No dumb questions!

I have a pry-off cap that wasn't on as well as it could be. (Probably a contributor to the rust...) I took it off, removed the screw, the cam, the dogs that make it only turn in one direction, and the upper portion of the agitator with the spiral on the outside. (Boy, that was a ham-fisted description, even after I looked up some of the terms.) I hoped there was something else I was forgetting to remove, because this thing is stuck fast.

Post# 1013451 , Reply# 19   11/5/2018 at 22:31 (610 days old) by candi (Michigan)        
Post Script

Ps. The machine is a Kenmore 70 Series from '82 (82372110).

Post# 1015689 , Reply# 20   11/24/2018 at 22:01 (591 days old) by candi (Michigan)        
Basket drive arrived!

After a month of waiting, my genuine-Whirlpool basket drive has finally arrived!

And then I realized that I should have ordered a tub grommet. So I'm ordering that now.

Oh, and should I get replacement bolts for the outer tub? Should I expect the ones I have to be unserviceable?

Post# 1015690 , Reply# 21   11/24/2018 at 22:28 (591 days old) by 114jwh (Vancouver)        
Yes and yes

I would get both the tub grommet and a set of tub bolts/washers. I would probably start opening the machine up if you haven't done that yet and see what condition everything else is in. Take some pictures along the way, post them on this thread and we can probably give you some pointers.

Good luck!

Post# 1015691 , Reply# 22   11/24/2018 at 22:56 (591 days old) by candi (Michigan)        
Starting the work

I've been trying to finesse my agitator while waiting for the basket drive. WD-40 has been soaking and air wedges wedging. Some amount of oil has made it between the parts, but not enough to free the agitator.

I know I'll have to go in with a heat tool or boiling water, and I'm dragging my feet. Well, now that I feel ashamed of my trepidation, I might just get in there tomorrow :)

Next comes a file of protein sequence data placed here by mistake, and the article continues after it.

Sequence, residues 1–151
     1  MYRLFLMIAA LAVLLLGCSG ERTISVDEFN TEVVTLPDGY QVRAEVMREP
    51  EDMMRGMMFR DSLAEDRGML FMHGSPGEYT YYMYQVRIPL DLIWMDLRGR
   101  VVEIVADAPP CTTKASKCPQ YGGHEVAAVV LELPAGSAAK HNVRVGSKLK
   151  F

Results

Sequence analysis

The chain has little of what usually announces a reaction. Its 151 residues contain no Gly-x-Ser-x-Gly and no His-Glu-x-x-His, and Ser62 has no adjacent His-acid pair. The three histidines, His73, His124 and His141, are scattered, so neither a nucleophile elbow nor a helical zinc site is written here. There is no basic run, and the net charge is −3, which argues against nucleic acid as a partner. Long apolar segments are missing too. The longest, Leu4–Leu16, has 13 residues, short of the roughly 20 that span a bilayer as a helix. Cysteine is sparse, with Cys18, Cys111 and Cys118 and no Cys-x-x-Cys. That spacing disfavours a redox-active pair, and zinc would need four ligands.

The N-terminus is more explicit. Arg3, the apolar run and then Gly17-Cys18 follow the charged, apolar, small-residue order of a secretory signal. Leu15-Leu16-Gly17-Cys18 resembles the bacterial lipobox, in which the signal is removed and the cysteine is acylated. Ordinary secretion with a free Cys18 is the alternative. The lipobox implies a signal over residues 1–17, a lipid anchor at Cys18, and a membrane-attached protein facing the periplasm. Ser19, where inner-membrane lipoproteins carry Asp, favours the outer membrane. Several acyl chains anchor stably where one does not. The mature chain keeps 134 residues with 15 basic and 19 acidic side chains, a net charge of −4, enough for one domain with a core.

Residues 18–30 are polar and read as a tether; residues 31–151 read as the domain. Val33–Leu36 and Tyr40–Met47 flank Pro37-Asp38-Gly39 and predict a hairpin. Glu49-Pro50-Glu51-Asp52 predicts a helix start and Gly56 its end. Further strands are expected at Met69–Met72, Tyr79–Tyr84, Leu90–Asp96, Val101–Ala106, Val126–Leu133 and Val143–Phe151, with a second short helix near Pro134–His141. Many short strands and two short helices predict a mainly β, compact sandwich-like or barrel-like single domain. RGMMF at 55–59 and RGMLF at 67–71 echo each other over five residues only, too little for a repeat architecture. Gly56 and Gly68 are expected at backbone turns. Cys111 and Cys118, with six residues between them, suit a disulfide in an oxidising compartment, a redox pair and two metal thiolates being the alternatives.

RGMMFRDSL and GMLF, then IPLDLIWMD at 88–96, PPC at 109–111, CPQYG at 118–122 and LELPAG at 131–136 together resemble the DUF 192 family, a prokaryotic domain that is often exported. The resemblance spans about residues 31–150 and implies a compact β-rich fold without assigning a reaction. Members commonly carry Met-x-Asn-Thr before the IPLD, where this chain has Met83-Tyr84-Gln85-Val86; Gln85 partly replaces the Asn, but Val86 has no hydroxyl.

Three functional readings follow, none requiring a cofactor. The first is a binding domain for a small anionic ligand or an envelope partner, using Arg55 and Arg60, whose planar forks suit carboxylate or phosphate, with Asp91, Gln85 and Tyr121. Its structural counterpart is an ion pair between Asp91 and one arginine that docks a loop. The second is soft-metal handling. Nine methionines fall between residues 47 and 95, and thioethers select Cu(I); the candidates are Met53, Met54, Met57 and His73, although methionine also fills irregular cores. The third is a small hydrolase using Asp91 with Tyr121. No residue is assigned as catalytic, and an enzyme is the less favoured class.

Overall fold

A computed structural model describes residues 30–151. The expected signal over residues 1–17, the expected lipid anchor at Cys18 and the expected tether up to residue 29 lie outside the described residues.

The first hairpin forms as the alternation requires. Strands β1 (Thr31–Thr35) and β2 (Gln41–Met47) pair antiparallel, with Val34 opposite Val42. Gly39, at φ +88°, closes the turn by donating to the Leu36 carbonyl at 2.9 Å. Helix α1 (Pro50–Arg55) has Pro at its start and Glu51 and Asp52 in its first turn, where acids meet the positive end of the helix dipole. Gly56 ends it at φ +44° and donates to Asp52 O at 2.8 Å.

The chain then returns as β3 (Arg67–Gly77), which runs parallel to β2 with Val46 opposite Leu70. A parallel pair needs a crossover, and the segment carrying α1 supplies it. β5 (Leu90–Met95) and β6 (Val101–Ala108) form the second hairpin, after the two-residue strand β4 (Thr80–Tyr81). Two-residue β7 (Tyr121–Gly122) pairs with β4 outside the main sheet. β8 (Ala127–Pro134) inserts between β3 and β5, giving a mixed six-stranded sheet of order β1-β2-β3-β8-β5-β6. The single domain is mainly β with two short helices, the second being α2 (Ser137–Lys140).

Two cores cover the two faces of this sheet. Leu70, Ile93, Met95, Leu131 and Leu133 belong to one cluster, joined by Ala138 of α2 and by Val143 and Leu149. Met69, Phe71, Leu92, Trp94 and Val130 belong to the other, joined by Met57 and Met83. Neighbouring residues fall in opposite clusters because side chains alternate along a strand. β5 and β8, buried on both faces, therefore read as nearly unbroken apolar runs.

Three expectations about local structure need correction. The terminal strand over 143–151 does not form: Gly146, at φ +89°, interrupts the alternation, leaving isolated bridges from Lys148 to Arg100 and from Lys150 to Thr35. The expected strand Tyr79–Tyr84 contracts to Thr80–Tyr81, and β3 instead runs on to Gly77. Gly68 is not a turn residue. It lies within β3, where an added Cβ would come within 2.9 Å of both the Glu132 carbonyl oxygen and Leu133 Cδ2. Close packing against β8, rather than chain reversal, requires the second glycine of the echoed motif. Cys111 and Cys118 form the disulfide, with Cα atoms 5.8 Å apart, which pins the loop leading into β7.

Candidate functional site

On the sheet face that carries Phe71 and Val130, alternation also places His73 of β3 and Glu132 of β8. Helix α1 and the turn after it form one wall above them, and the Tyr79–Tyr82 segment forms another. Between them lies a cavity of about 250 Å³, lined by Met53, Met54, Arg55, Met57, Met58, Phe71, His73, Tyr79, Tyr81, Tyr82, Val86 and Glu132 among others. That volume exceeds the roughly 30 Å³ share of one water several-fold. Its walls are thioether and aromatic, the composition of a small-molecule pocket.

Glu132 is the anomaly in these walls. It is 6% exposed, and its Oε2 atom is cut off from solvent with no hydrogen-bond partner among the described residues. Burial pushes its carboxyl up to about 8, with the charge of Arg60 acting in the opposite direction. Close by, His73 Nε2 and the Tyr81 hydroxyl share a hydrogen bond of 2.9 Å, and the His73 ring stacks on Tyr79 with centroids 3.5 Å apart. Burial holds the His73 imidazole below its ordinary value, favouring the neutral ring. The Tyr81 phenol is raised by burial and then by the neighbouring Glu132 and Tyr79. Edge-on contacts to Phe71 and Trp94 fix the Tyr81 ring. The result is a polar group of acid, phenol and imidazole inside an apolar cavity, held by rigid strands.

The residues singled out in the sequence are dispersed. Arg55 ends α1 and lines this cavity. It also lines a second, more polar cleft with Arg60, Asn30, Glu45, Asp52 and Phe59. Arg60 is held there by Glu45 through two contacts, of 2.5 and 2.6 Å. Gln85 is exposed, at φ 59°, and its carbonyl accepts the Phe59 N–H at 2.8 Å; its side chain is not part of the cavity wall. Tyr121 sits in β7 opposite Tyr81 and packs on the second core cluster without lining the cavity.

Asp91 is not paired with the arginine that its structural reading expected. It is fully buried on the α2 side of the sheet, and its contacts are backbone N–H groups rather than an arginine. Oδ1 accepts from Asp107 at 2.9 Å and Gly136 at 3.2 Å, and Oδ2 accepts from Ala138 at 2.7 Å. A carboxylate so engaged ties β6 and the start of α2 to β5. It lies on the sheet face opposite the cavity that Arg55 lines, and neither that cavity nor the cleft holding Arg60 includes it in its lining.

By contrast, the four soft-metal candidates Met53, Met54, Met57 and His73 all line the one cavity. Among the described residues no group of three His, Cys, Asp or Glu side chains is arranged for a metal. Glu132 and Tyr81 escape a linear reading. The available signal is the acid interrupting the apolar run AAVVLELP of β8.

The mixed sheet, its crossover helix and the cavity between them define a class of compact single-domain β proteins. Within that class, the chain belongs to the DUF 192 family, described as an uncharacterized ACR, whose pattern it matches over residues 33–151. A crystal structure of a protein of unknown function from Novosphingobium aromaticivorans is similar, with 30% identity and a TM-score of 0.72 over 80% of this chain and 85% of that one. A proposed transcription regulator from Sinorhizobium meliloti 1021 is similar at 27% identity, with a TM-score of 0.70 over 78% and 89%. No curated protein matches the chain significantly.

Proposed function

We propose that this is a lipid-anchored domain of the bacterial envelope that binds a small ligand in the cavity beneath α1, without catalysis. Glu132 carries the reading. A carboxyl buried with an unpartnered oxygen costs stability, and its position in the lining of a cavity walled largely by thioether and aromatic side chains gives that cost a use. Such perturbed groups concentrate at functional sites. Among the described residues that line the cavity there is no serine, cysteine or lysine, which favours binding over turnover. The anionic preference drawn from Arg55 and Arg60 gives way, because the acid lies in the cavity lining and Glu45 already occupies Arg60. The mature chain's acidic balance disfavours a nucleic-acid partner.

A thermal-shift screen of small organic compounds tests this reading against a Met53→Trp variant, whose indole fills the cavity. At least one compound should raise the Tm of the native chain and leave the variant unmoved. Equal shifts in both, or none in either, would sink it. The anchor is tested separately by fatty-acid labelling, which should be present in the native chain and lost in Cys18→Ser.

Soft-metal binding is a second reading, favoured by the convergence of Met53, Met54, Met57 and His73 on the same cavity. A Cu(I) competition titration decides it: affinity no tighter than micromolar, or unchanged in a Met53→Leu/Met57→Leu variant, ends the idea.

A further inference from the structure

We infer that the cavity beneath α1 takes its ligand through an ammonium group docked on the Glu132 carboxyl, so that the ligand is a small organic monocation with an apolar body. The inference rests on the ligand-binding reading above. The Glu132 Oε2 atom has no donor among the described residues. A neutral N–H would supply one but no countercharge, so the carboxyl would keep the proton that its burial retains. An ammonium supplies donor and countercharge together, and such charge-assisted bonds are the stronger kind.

Post# 1015697 , Reply# 23   11/25/2018 at 00:17 (591 days old) by 114jwh (Vancouver)        

It'll come! I'm really not familiar with the various types of agitators Sears used on the Kenmore machines so I can't offer much advice. Hopefully others can chime in with different ideas. Use the heat gun with caution if you are going that route. I'd try the boiling water first. Those air bags are supposed to work really well.

Keep us in the loop!

Post# 1015706 , Reply# 24   11/25/2018 at 07:09 (590 days old) by Lorainfurniture (Cleveland )        

If you are using 3 air wedges just pump them up until your hand hurts. Those fully inflated will push over 600# of force on the agitator. Just leave them inflated and hit the top of the agitator with a rubber mallet. There is no possible way it wonít come off under those conditions.

Boiling water would help, but keep the bags inflated. Eventually it will pop off. Put a blanket over it as sometimes it shoots off like a rocket.

Post# 1015708 , Reply# 25   11/25/2018 at 07:13 (590 days old) by Lorainfurniture (Cleveland )        

These are a must have

CLICK HERE TO GO TO Lorainfurniture's LINK

Post# 1015784 , Reply# 26   11/25/2018 at 21:47 (590 days old) by candi (Michigan)        
Oh snaps!

Lorain Furniture!